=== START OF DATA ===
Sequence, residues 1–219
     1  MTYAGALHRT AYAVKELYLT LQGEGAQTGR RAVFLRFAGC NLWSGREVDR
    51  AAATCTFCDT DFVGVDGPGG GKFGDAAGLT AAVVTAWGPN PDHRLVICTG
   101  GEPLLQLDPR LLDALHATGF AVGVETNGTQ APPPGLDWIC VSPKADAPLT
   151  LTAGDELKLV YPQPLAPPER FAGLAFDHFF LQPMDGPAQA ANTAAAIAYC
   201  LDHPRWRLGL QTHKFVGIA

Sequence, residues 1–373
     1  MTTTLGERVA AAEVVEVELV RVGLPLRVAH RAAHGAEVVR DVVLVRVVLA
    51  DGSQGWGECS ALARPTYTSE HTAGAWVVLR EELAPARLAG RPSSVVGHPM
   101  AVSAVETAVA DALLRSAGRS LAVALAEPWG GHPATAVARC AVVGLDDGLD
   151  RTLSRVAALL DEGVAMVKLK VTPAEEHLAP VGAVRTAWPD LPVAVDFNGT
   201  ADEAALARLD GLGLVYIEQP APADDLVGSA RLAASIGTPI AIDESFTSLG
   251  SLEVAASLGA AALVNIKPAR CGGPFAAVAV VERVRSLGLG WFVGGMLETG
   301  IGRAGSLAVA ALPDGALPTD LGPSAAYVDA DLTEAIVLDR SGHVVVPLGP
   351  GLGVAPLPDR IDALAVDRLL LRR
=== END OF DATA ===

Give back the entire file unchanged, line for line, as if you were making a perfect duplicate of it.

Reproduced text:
Sequence, residues 1–219
     1  MTYAGALHRT AYAVKELYLT LQGEGAQTGR RAVFLRFAGC NLWSGREVDR
    51  AAATCTFCDT DFVGVDGPGG GKFGDAAGLT AAVVTAWGPN PDHRLVICTG
   101  GEPLLQLDPR LLDALHATGF AVGVETNGTQ APPPGLDWIC VSPKADAPLT
   151  LTAGDELKLV YPQPLAPPER FAGLAFDHFF LQPMDGPAQA ANTAAAIAYC
   201  LDHPRWRLGL QTHKFVGIA

Sequence, residues 1–373
     1  MTTTLGERVA AAEVVEVELV RVGLPLRVAH RAAHGAEVVR DVVLVRVVLA
    51  DGSQGWGECS ALARPTYTSE HTAGAWVVLR EELAPARLAG RPSSVVGHPM
   101  AVSAVETAVA DALLRSAGRS LAVALAEPWG GHPATAVARC AVVGLDDGLD
   151  RTLSRVAALL DEGVAMVKLK VTPAEEHLAP VGAVRTAWPD LPVAVDFNGT
   201  ADEAALARLD GLGLVYIEQP APADDLVGSA RLAASIGTPI AIDESFTSLG
   251  SLEVAASLGA AALVNIKPAR CGGPFAAVAV VERVRSLGLG WFVGGMLETG
   301  IGRAGSLAVA ALPDGALPTD LGPSAAYVDA DLTEAIVLDR SGHVVVPLGP
   351  GLGVAPLPDR IDALAVDRLL LRR